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Re: doughnuts on a fish hook



There are some flaws in your reasoning.

Howard Owen said:
[snip]
> My point might be
> better stated
> thus: "If you can possibly afford to do it, Red Hat, you might consider
> offering
> WS for zero dollars, and without support, just now. The strategic
> situation is
> such that a stable, low cost desktop platform upon which large support
> organizations
> can build very large scale deployments would do two things.

Most corporations (right or wrong) view no cost as a disadvantage.  When
asking companies for bids for a contract, it is common practice to throw
out the highest and lowest, because the high one is trying to make to much
money and the low one is either cutting corners or not understanding the
job at hand.

> First, it
> would
> accelerate adoption of Linux on the corporate desktop, a trend that is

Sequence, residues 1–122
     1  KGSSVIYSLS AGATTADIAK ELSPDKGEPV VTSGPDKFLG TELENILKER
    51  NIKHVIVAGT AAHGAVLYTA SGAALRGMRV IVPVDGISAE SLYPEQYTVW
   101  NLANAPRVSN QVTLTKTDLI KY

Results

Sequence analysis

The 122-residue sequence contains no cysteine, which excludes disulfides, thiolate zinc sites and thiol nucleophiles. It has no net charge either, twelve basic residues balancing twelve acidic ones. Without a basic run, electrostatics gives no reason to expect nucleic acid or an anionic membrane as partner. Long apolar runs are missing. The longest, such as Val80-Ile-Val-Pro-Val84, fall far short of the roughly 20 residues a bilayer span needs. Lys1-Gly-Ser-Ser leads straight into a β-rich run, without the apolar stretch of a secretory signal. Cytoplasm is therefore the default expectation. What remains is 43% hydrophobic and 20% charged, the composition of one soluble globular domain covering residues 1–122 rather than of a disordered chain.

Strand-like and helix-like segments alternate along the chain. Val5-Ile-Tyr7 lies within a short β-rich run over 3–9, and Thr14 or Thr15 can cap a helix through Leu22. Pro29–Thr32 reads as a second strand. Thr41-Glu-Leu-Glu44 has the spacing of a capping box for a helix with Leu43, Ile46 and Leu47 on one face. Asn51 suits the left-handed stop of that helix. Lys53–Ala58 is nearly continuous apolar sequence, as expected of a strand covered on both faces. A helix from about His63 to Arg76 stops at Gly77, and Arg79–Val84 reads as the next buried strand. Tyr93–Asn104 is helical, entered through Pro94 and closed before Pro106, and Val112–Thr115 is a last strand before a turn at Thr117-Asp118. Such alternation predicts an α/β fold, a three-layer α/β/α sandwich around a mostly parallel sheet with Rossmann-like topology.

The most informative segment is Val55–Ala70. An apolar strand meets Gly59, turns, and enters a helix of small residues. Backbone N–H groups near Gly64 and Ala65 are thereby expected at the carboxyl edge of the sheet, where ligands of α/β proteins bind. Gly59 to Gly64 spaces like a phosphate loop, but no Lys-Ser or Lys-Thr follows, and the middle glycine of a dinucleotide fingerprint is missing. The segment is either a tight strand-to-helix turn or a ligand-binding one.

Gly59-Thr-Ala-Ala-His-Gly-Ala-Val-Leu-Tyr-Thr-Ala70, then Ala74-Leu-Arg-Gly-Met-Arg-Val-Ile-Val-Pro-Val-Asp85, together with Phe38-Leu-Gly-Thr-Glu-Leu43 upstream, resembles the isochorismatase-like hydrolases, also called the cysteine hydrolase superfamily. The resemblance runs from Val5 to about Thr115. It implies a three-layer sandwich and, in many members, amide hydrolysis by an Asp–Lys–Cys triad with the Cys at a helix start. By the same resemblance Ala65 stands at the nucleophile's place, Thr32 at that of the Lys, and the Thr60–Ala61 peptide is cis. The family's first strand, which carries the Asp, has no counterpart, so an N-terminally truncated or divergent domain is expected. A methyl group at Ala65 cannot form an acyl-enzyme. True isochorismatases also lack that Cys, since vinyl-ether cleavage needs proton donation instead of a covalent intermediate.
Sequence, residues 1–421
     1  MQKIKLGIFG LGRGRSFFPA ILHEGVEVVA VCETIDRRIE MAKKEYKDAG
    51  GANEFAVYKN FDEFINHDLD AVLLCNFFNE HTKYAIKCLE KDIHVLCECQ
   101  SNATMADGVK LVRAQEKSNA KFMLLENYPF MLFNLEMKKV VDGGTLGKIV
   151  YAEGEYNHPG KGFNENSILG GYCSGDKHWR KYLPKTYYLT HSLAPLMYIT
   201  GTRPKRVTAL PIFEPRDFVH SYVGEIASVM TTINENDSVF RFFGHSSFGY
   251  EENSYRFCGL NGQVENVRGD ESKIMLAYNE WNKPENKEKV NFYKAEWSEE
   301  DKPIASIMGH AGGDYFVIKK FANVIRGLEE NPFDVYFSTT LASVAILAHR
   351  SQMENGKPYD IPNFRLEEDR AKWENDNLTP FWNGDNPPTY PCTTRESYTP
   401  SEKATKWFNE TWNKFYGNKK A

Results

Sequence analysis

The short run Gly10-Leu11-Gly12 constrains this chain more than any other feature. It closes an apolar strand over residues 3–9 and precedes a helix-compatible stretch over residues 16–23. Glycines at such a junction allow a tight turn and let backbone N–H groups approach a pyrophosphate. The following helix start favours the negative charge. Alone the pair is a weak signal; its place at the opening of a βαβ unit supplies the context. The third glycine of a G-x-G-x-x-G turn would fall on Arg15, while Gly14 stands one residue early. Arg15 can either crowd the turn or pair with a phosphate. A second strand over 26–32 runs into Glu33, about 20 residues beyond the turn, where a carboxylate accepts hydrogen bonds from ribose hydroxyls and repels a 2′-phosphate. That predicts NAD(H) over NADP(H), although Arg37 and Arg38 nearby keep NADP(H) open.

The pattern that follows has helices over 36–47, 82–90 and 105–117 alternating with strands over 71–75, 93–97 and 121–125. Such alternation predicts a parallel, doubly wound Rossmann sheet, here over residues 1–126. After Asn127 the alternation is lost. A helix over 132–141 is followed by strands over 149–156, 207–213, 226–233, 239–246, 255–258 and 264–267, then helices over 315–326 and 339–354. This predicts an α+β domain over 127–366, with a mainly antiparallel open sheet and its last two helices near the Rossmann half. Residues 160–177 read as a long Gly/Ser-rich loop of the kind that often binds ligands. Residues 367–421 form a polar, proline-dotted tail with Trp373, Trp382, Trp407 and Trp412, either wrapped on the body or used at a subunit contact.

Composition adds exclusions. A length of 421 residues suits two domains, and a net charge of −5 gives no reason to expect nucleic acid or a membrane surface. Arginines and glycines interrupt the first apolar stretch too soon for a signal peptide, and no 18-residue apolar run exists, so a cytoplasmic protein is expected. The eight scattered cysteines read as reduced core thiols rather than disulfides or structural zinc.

> real and
> growing.

Having no support at home isn't that big of a deal.  Having no support in
a business, with my job on the line if something goes wrong is.  There is
no way in Hell *I* would do a large scale roll out of an OS without
support.

> Second, it would ensure that _your_ platform is the most widely
> adopted
> Linux desktop OS. This would of course give you enormous opportunities
> later,
> and you wouldn't even have to act like Microsoft to realize them."

As above, low cost doesn't mean widely adopted.  You will find out in the
Linux space, the distro that gets highest regards is the one the person
administrating it is familiar with.  This can be changed if third party
requirements exist (i.e. Oracle certs for the Enterprise line).

-- 
William Hooper




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